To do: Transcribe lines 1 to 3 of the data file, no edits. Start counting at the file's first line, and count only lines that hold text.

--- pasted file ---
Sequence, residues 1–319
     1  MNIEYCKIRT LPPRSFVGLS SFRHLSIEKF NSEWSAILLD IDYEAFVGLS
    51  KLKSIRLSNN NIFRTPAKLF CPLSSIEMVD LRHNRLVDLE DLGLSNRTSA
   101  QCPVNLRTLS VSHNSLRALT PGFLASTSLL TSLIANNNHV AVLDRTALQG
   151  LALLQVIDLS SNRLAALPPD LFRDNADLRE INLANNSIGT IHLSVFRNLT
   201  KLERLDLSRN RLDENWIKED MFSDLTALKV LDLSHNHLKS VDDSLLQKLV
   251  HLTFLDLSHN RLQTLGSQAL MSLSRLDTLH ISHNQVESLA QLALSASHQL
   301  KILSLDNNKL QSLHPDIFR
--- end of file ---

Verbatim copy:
Sequence, residues 1–319
     1  MNIEYCKIRT LPPRSFVGLS SFRHLSIEKF NSEWSAILLD IDYEAFVGLS
    51  KLKSIRLSNN NIFRTPAKLF CPLSSIEMVD LRHNRLVDLE DLGLSNRTSA